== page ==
I just cannot muster the interest to even learn the ins and outs of Mavericks, it has so little that is of actual use for my needs. More's the pity, as I spend a lot of time fixing what it's broken and finding workarounds for the customers I troubleshoot for.

  • 140. Re: QuickTime convert .avi to .mov with OS X Mavericks
    Jon Walker Level 6 Level 6 (17,630 points)

    I just cannot muster the interest to even learn the ins and outs of Mavericks, it has so little that is of actual use for my needs. More's the pity, as I spend a lot of time fixing what it's broken and finding workarounds for the customers I troubleshoot for.

    While I consider it interesting to learn about QT X v10.3 and Mavericks itself, like you, I have been and am still using QT 7 Pro v7.6.6 as my default QT player for Snow Leopard, Lion, Mountain Lion and Mavericks and simply don't understand why so many users don't keep both installed and simply use whichever best supports the particular file they want to play at any given time. (I.e., of the approximately 26 TBs of videos currently in my personal library, less than 10 TBs are iTunes managed (QT X v10.3 compatible) while the rest are mostly in QT X v10.3 playback incompatible formats best played using VLC or QT 7 with only about 0.01% in various AVI formats of which about half remain QT X v10.3 compatible since they are MJPEG/PCM AVI files.) For me, it is the results that count and using the right tool for a job assures those results.

     

    SJAUG.png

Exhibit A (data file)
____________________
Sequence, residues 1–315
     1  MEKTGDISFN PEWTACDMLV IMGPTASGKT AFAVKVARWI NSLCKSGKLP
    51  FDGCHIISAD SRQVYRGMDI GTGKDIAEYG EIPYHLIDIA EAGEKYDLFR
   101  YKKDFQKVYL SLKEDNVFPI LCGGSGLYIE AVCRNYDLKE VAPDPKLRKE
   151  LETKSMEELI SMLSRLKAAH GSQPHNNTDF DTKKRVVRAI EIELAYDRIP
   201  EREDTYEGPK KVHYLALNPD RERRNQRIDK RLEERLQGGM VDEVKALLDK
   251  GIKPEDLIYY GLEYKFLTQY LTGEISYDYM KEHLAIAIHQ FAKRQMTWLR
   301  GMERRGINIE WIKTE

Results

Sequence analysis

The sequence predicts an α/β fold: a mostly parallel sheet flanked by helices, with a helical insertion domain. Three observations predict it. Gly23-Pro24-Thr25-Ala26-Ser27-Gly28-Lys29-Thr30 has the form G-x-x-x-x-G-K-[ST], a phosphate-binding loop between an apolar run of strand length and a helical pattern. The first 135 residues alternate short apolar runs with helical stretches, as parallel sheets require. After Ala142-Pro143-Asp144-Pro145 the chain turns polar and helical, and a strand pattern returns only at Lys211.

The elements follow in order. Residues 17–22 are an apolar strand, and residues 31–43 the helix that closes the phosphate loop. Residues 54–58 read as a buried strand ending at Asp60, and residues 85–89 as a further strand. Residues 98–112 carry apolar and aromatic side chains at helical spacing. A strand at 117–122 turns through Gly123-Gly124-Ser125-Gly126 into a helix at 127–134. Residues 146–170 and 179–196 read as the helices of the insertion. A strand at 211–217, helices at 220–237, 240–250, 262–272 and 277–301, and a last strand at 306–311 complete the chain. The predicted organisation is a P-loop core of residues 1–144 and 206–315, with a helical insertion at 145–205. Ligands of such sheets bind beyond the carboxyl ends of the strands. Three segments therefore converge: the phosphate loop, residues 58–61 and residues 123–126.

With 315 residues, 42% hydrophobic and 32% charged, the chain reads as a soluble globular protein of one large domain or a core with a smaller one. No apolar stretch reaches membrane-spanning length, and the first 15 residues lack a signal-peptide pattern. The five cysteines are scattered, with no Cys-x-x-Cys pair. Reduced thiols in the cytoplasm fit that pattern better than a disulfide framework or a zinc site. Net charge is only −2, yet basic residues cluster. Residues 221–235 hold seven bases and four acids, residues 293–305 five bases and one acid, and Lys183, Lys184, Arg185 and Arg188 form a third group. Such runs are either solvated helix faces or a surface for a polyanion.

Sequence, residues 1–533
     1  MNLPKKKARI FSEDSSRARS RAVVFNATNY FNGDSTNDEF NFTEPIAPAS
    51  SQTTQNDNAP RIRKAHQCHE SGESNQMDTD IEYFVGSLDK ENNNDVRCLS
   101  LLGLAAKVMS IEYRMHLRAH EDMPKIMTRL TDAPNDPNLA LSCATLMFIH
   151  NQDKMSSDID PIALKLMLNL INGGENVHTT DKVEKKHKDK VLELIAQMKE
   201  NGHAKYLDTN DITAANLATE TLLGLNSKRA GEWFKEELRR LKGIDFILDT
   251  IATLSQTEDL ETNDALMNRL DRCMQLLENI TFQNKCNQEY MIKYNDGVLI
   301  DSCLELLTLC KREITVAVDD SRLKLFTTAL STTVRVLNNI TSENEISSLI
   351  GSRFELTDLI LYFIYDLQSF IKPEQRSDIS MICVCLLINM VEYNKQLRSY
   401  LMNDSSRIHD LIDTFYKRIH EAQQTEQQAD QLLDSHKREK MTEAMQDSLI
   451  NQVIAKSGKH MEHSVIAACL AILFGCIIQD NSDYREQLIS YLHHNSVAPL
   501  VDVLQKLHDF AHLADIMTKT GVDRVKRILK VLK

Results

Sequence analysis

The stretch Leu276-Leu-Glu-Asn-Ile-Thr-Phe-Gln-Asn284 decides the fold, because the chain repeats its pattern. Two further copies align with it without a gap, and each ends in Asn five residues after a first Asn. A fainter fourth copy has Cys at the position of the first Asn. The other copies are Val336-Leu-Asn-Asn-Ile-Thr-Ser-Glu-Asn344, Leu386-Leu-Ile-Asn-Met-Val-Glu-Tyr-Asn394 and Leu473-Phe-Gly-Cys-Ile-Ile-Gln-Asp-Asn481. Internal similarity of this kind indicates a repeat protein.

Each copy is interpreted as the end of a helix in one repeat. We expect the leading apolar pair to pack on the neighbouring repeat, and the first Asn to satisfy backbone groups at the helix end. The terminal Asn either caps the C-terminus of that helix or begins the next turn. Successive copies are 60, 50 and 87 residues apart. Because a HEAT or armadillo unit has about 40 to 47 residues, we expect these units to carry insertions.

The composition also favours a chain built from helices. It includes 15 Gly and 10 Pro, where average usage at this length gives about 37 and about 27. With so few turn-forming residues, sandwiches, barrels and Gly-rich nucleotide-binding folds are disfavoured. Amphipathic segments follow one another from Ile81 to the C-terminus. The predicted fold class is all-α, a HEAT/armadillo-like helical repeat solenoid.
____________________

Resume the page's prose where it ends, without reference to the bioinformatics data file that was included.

• 141. Re: QuickTime convert .avi to .mov with OS X Mavericks
    the dudexxx Level 1 Level 1 (0 points)

    Thanks Jon Walker.

     

    You've proved my point. you've got different programs to open certain types of files.

     

    You've download quicktime 7 or what ever to open files that could be opened by a apple computer before mavericks upgrades

     

    You've downloaded VLC player to play certain other types of files.

     

    The apple computer today after a mavericks upgrade does not "just work"

     

    Apple are moving away from supporting certain formats so they can no longer be played on a mac, but it was this ability to play other formats which made people turn to apple in the first place.

     

    You now have to download other programs to play basic files.....WHY?

     

    Its not like the old days when memory cost alot and was very small...

    Why not add as many programs or codecs into a system as possible as standard...

     

    And don't say it's not possible because people are going to do it anyway, they are going to go onto the iternet and get VLC and other programs to get there stuff working - the programs are free anyway.......

     

    So why not just include it at the start.....

  • 142. Re: QuickTime convert .avi to .mov with OS X Mavericks
    Deborah Terreson Level 3 Level 3 (940 points)

    I think that it's as Apple is playing the proprietary format game.. as in when you see that iTunes is defaulted to convert CD's to AAC instead of the wider-use .mp3 format - you have to change that setting in the preferences.